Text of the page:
The Sunday Exchange (11/4/18): Share a Post about a Text You Understood Differently upon Returning to It

Sunday ExchangeIntroduction

The Sunday Exchange is a new weekly feature we are introducing at Pages Unbound where we ask you, our readers, to share a post from your own blog that matches the week’s theme.  The goal is to allow you to share posts you are proud of or think other people will find interesting and to help other people find fun posts to read.

This Week’s Theme

Share a Post about a Text (Book, Film, Show, etc.) You Understood Differently When You Returned to It

The “Rules”

  1. Share your post title, the URL of the post, AND a brief explanation of what the post is/why you think people might like to read it in a comment on this blog post.
  2. Try to make the post fit the week’s theme.
  3. Please share only one post each week.
  4. The post does not have to be recent. It can be from any time in your blog’s archives.
  5. Consider visiting some other bloggers’ posts.
  6. We won’t be closing the comments after a week has passed, so *technically* you can still add your post later, but it may not get that much traffic if you share your post a month later.

That’s it! We hope you participate, and check back next Sunday for a new theme and another chance to share!

Star Divider

A Post We Recommend at Pages Unbound

Movie Review: Kiki’s Delivery Service

My memories of Kiki were always of a bright, fun film.  I loved that Kiki could fly around on her broom, have adventures, and talk to her cat!  When I rewatched the film one day, however, I saw it was a little more serious than I remembered!

12 thoughts on “The Sunday Exchange (11/4/18): Share a Post about a Text You Understood Differently upon Returning to It

  1. mgerardmingo says:

    This summer, I read Steven Hyden’s recent book on classic rock’s decline, “Twilight of the Gods,” which reprints some of his articles that I’d already read years ago. It was of course interesting to revisit those piece from a new perspective, but I was even more keen to observe how Hyden reworks and retools his previous writings for the new project.

    Title: “Play the Hits, but Play Them Slant: On Steven Hyden’s ‘Twilight of the Gods'”


    • Briana | Pages Unbound says:

      I remember when you first posted this, and it was so refreshing to read because I like The Force Awakens! I’ve actually seen the six earlier films a second time since then (when I commented I had only seen them once), and I think I do like them more than I did the first time I saw them. But I wouldn’t have bothered to give them another chance if I hadn’t liked The Force Awakens.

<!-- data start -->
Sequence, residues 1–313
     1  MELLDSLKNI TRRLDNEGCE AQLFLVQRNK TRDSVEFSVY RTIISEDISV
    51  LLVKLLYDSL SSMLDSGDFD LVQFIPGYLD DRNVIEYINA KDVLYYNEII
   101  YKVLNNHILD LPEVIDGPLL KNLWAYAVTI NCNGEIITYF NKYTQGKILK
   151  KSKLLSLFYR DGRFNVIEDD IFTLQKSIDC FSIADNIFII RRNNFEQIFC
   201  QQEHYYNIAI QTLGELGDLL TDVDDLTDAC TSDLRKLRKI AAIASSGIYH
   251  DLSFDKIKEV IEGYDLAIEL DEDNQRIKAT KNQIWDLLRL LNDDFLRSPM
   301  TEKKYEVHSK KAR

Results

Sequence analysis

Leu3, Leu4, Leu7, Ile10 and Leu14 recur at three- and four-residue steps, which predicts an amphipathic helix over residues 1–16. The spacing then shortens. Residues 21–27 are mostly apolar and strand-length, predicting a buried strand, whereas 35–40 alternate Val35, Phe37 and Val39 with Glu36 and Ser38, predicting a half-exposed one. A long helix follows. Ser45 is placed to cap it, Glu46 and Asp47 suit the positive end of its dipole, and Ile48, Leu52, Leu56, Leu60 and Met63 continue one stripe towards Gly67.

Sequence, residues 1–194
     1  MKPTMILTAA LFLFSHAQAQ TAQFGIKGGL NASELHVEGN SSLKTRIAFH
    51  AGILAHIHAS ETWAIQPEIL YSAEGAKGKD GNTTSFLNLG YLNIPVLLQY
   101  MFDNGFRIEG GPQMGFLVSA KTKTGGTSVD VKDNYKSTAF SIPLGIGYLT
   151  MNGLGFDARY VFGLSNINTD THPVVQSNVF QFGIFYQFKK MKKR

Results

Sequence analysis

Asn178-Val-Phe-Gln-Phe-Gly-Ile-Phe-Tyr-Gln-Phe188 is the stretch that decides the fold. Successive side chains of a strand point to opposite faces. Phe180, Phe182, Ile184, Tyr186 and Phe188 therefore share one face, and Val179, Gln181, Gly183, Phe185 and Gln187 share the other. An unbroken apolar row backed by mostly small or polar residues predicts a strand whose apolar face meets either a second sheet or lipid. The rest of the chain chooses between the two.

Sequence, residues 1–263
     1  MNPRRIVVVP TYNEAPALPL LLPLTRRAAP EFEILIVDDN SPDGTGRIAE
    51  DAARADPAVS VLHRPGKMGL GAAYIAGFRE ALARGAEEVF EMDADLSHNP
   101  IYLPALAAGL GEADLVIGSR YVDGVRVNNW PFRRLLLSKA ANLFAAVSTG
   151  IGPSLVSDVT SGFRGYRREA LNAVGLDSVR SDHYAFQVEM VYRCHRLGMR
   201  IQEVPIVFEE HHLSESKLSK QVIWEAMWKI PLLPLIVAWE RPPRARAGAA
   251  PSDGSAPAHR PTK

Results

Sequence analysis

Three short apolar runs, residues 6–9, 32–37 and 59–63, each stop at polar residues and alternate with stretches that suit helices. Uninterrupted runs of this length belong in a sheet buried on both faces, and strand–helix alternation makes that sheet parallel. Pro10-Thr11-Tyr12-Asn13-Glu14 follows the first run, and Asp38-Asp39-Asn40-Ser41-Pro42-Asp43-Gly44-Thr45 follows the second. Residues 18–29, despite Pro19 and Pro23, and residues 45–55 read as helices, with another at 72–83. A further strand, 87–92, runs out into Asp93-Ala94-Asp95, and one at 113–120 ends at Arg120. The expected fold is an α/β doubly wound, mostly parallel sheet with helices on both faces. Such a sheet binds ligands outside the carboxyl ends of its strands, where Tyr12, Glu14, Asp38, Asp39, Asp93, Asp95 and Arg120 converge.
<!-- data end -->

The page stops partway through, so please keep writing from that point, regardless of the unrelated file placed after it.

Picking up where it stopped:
That said, I thought The Last Jedi was kind of a mess, but someone told me the (writer? director? someone in charge?) changed in the middle, so things that were supposed to tie together got changed and now just…don’t.

      Liked by 2 people

      • Michael J. Miller says:

        Well J.J. Abrams wrote and directed TFA. Disney asked him to do TLJ too but he said he wasn’t ready to make it as quickly as they wanted it. He likes to see how his films do, see fan reactions, sit with the story for a bit, and map it out from there. Disney, not wanting to wait, brought in Rian Johnson to write and direct TLJ. So there was no cohesion with the two films. And Johnson has said his revelations (Rey’s parents for example) *may* be upheld by J.J. (who’s coming back for Episode IX) or they may not. It seems like each new writer/director can do whatever they want and that does open it up for major disconnects in the story. I’ve always been a fan of J.J.’s – since the days of ‘Alias’ – so I’d’ve liked to see what he’d’ve done with all three films in his control.


      • Michael J. Miller says:

        Yay!! What did you think?!? Even with my “it’s complicated” relationship with the Disney Canon I ADORED ‘Rogue One.’ As to your becoming a Star Wars fan yet, well as Obi-Wan Kenodi said, “You’ve taken your first step into a larger world” :).


  2. Grab the Lapels says:

    A few years ago I watched Like Water for Chocolate on Netflix simply because I knew the name. I didn’t know anything about the film except that I often confused the title with Water for Elephants. This past year, I recommended that my book club read the novel, hoping that it would be just as fun. Turns out, the book relies on magical realism much more heavily than the movie, and I loved it even more. It makes more sense to have multiple moments of oddity in real life rather than just the food. The people also seemed more real in the novel. Here is my book review:


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